An attacker killed at least 13 people and injured dozens more in Barcelona on Thursday using what has become a hallmark of recent terror attacks: a vehicle.
Local police say a rented van jumped the curb and plowed into pedestrians in the city’s famous Las Ramblas tourist area, and two people, one from Morocco, the other a Spanish national, are in custody in connection with the attack. Authorities say neither of them was the driver of the vehicle.
Asked if the driver remains on the loose, a Catalonia police official replied, “That is right. He is neither of the two detained.”
For more than a year, ISIS has urged its followers to carry out such vehicle attacks, even providing specific instructions on choosing the ideal vehicle and the ideal targets, including large outdoor festivals and pedestrian-congested streets.
According to John Cohen, the former principal deputy coordinator for counterterrorism at the Department of Homeland Security an an ABC News contributor, attacks on so-called “soft targets” are difficult to prevent and relatively easy to carry out.
“ISIS promotes these types of attacks because they’re easy,” Cohen told ABC News. “You can take people who have received no training, who are using items that are easy to acquire. And they can still commit mass murder.”
Thursday’s attack is the just the latest in a string of deadly incidents throughout Europe in which terrorists have drawn from that playbook, using vehicles to inflict casualties.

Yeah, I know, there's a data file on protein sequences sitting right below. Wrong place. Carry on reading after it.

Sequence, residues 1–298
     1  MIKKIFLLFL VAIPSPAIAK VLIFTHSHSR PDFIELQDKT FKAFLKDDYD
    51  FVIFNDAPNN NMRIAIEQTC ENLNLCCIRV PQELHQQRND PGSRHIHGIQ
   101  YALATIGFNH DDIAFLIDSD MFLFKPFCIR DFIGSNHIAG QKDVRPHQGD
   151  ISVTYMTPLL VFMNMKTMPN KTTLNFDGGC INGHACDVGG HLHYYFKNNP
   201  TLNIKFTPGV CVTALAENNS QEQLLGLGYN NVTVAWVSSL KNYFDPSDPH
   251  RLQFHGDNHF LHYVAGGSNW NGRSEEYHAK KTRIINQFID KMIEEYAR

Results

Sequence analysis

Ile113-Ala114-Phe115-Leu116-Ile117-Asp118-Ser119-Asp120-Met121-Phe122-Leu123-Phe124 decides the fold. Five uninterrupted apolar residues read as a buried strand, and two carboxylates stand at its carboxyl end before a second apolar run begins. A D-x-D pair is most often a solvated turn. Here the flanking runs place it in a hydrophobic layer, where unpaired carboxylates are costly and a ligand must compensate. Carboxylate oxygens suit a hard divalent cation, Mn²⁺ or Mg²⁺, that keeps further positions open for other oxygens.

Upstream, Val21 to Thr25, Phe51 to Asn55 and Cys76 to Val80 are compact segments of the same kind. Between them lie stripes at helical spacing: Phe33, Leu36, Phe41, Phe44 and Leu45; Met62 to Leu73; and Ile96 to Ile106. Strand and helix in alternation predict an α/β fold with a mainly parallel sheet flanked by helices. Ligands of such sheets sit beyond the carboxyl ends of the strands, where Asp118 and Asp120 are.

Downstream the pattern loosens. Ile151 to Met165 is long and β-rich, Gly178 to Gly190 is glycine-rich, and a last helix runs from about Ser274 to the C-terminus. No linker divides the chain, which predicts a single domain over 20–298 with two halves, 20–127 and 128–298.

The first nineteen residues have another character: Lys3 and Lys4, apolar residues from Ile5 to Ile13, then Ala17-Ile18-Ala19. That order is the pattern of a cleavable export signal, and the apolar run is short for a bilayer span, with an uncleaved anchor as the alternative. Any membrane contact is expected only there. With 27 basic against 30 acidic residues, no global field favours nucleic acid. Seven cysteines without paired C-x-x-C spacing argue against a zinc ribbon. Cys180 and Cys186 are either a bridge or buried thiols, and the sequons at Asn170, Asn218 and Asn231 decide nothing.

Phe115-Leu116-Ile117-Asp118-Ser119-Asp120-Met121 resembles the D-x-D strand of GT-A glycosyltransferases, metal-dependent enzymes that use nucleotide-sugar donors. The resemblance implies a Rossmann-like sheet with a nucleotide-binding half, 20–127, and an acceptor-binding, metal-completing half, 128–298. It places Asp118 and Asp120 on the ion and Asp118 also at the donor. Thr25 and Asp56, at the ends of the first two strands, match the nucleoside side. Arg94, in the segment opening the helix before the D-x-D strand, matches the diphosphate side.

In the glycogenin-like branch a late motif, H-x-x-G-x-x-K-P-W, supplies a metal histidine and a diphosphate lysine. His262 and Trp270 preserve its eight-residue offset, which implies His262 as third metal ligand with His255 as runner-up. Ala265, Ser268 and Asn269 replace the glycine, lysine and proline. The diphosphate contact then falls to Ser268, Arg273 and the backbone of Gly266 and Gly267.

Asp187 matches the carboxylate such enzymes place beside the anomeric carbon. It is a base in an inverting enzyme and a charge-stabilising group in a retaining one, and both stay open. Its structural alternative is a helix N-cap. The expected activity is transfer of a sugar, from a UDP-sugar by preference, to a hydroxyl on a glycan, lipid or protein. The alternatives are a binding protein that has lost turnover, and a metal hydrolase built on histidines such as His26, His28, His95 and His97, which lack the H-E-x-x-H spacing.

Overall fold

In August of last year, 86 people were killed on by a speeding truck driven by an ISIS follower in Nice, France. In December, 12 people killed in a vehicle attack on the Christmas markets in Berlin. And 14 people were killed in two separate incidents in London this year, one on the Westminster Bridge and the other on the London Bridge.
According to the SITE Intelligence Group, ISIS took responsibility for the Barcelona attack, calling those involved “soldiers of the Islamic state” in a statement released by its ‘Amaq News Agency
“Security source for ‘Amaq Agency: The executors of the Barcelona attack were from the soldiers of the Islamic State, and the operation came in response to calls to target coalition states,” the message reads.
U.S.-backed fighters have recently driven ISIS militants from their strongholds in Raqqa and Mosul. As ISIS continues to struggle on the battlefield, Cohen says, the group could increasingly turn to these kinds of attacks.